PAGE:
Master plan backfires for Wings' Hossa
The only thing Marian Hossa would like to change is the final result of Game 7.
After watching his former teammates celebrate with the Stanley Cup on Friday night, Hossa wasn't feeling any regret about his decision to sign with the Detroit Red Wings last summer. He bolted Pittsburgh to win a championship in Motown but is going to have to wait at least one more year to achieve that goal.
"Regret? I don't regret it," Hossa said after a 2-1 loss to the Penguins in Game 7. "It could be different circumstances if I sign in Pittsburgh, they probably couldn't sign some other players and they'd be a different team.
"We could sit here for hours discussing this, but it would be a different team and it could be different things."
Hossa looked like a different player during this Stanley Cup.
The talented winger didn't even score a goal during the final and admitted that the pressure of playing the Penguins got to him. He was asked about it repeatedly over the past couple weeks.
"Whether you like it or not, there's lots of pressure," said Hossa. "You learn when the pressure is on and you learn how to handle it. It's squeezing you. It's a pretty tough one, I tried to battle hard but I couldn't get anything done offensively."
He had been one of the rallying points for a Red Wings team that has done a lot of winning in recent years. Forward Kirk Maltby, a four-time Stanley Cup champion, said he felt bad that they couldn't get another for Hossa.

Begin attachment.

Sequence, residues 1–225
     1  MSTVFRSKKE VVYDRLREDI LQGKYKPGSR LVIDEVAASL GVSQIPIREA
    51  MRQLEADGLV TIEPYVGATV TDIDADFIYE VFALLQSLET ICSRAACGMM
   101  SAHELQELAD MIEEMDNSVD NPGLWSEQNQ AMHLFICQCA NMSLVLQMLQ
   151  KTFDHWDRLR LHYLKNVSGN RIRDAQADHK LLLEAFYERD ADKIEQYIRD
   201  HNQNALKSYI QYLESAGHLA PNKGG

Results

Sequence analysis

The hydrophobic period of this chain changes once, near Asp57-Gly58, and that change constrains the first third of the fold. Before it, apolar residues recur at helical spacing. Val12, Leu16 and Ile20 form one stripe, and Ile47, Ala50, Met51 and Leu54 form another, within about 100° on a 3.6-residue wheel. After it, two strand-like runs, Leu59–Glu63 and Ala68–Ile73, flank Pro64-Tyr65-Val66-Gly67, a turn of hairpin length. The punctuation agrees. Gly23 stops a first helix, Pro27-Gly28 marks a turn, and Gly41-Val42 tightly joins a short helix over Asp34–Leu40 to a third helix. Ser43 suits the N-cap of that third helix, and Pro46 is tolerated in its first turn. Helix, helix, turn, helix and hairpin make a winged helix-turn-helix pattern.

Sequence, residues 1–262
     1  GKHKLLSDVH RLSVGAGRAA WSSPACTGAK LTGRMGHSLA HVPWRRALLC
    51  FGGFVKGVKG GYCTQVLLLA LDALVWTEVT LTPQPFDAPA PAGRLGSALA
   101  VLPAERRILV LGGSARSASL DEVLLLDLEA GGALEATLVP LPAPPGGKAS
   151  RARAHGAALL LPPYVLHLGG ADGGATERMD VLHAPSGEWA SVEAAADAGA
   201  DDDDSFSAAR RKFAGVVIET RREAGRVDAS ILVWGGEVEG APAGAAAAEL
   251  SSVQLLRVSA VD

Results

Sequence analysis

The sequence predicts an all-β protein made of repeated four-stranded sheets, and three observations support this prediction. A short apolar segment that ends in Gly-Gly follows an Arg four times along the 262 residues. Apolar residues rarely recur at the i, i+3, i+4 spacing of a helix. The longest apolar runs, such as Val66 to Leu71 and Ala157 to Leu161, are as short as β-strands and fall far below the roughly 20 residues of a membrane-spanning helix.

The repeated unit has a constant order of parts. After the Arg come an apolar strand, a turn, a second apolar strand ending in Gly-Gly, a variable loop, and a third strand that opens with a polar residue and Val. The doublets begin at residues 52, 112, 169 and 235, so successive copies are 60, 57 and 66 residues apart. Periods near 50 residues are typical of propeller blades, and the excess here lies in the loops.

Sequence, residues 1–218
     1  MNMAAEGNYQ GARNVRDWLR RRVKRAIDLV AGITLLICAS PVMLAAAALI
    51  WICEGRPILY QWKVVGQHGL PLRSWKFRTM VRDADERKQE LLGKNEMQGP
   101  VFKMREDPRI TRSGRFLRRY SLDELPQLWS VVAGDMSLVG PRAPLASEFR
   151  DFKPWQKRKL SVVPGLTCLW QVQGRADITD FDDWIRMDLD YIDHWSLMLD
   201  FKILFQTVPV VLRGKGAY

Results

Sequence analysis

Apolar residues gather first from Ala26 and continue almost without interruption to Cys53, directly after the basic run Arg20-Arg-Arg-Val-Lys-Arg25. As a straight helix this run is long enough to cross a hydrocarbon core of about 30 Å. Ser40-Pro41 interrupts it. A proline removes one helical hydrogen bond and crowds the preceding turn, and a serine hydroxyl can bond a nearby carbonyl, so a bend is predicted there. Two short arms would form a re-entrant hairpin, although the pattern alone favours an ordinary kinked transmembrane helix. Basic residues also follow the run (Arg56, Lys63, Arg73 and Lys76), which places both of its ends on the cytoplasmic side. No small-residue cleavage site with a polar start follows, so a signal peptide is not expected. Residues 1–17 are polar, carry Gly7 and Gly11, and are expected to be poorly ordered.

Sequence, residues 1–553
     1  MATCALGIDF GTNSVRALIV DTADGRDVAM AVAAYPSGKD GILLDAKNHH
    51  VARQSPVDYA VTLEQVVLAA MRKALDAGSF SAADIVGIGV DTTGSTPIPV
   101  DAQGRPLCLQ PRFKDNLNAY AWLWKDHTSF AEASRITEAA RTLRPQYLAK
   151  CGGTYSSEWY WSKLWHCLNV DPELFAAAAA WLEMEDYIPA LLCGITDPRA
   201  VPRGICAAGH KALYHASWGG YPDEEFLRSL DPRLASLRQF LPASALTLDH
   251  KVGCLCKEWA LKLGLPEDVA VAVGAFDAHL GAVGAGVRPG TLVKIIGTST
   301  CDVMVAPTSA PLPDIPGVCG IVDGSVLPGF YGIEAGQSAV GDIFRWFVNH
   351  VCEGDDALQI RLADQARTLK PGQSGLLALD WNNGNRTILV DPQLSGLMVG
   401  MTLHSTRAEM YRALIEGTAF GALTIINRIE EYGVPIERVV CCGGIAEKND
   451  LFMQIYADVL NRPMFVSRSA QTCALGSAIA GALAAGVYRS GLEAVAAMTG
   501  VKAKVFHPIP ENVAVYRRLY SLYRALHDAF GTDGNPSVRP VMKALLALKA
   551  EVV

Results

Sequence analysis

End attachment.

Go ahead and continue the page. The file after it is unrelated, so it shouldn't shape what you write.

After going up 2-0 in this series, the Red Wings lost four of five games to the upstart Penguins. The offence went particularly dry in Games 6 and 7, when they scored just two goals combined on goalie Marc-Andre Fleury.
"It's not from a lack of effort," said Maltby. "They block a lot of shots, they clog it up."
Even though there wasn't any excuses being made in the Red Wings dressing room, it's hard to ignore the fact that a little luck wasn't on their side. They had to play without Hart Trophy finalist Pavel Datsyuk and star defencemen Nicklas Lidstrom and Brian Rafalski for stretches during these playoffs.
On top of that, fatigue might have caught up to them in the final.
"I thought we looked out of gas pretty much all series," said coach Mike Babcock. "I thought we competed, and I thought we tried. But I never thought we got to the level we'd have liked to."
They'll spend plenty of time going over what went wrong.
A year ago, the Red Wings celebrated a championship win over Hossa's Penguins on the road at Mellon Arena. As the Detroit players came out for interviews in their dressing room at Joe Louis Arena on Friday, the Penguins could clearly be heard partying it up on their ice.
It was a strange feeling for a franchise that had won four straight Stanley Cup since last losing one in 1995.
"You learn from this too," said Henrik Zetterberg, one of many Wings who shaved his playoff beard before speaking to the media. "We had our win last year — now we're on the other side. It's going to make us stronger.
"We've got a great group of guys here, everybody's going to build and learn from this."
Hossa is an unrestricted free agent again this summer and hopes to remain in Detroit. Even though the season ended with disappointment, it was one of the best of his career.
"I still had a great year in this organization," said Hossa. "Great guys, great people around. It could go both ways, just one goal makes a difference. You score one more and you celebrate.
"Sometimes that life and you just have to move on. It's a great life experience."